Deep Differential Diagnoses - A new(?) kind of vignette-based assessment item
gusackm at COMCAST.NET
Wed Jan 2 19:37:12 UTC 2019
Good Afternoon Martin:
What you are doing is actually a modification of the Delphi Method developed after WWII by Rand Corporation to help predict the future using input from ‘experts’ in a particular field. In this case you are using clinicians as your experts. This approach was utilized by Dr. Laura Zwann several years ago and published in a journal article I highly recommend you read (I can’t remember the journal. Sorry). A more recent article using the Delphi approach was published in Diagnosis recently.
As for plotting a frequency distribution of lists of diagnoses submitted by 100 clinicians. I’m not sure that is valid from a theoretical point of view. Each diagnosis is discrete so you are doing a comparison of frequencies of discrete categories and since each clinician is allowed to provide a differential diagnosis the individual data points may not be fully independent from each other for each clinician. Therefore, calculating a mean, standard deviation, skewdness, and kurtosis may not be correct. Instead, it may be more appropriate to calculate percentages and using Euler diagrams (what you were taught as Venn diagrams…) to present your data.
It should be noted that the greatest value in your approach would be to determine the ‘correct’ diagnosis first, then send out a set of clinical findings, and compare the results of querying 100 clinicians to see how reliable they are. I would be quite interested in seeing a plot of that!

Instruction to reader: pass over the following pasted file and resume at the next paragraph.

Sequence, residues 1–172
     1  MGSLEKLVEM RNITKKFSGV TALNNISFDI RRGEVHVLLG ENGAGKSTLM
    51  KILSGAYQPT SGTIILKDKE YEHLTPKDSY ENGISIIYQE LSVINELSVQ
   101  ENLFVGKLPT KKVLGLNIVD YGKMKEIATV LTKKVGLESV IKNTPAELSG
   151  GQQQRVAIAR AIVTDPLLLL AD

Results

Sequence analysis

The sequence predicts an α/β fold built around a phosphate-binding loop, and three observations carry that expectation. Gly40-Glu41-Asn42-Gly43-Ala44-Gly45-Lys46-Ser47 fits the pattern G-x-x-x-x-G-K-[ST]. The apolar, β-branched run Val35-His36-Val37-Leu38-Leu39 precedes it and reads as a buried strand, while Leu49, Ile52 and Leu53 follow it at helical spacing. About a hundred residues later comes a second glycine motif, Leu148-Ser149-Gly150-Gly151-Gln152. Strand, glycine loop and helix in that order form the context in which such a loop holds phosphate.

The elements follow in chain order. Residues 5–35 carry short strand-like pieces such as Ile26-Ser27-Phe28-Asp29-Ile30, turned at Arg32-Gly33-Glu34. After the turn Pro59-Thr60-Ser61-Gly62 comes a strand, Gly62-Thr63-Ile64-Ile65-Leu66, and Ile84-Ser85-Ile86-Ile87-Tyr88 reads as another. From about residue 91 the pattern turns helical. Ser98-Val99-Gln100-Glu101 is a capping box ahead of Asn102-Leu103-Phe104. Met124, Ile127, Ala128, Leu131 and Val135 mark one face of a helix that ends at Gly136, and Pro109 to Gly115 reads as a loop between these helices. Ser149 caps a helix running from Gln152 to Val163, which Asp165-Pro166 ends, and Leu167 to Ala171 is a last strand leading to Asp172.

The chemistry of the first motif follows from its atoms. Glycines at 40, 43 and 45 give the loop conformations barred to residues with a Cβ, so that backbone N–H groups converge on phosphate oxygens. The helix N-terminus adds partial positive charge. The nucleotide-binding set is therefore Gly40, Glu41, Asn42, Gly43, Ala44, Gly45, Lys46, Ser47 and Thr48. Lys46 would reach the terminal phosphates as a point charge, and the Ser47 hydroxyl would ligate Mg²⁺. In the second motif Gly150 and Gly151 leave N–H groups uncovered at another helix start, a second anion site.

As for presenting cases with indeterminate diagnosis, I have rarely seen this done. I think the NEJM has done this on rare occasion in their Grand Rounds section.
Mark Gusack, M.D.
MANX Enterprises, Ltd.
From: Martin Pusic <mpusic at GMAIL.COM>
Sent: Wednesday, January 2, 2019 1:39 PM
To: IMPROVEDX at LIST.IMPROVEDIAGNOSIS.ORG
Subject: [IMPROVEDX] Deep Differential Diagnoses - A new(?) kind of vignette-based assessment item
I'm writing a proposal to develop a new kind of vignette-driven DDx case item for our residents. In it we propose to use crowd-sourcing to identify ALL the plausible diagnoses that could originate from a given case vignette. ie, by having a 100 clinicians list their possible diagnoses, we get a frequency distribution of possibilities that people considered plausible. We would use as many clinicians as necessary to achieve "saturation" where no further plausible diagnoses are being added.
After being cleaned up for duplicates/terminology etc, the idea would be to present the weighted DDx list as the "answer" to the vignette. The idea is that some diagnoses fall nicely into a single best answer DDx (e.g. zoster/shingles - left hand pane of attached image) while some require an inductive approach that has a "long tail" which requires more inductive effort (e.g. lower abdominal pain - right hand pane).
My question to the group: is this novel? ie, are there existing systematized approaches where the answer to the case is NOT a best single answer but rather the weighted DDx? For pedagogic reasons, would anyone ever present a case and NOT present what it turned out to be, but leave it at what it MIGHT have been?
Any literature references sincerely appreciated.
--Martin Pusic, NYU School of Medicine
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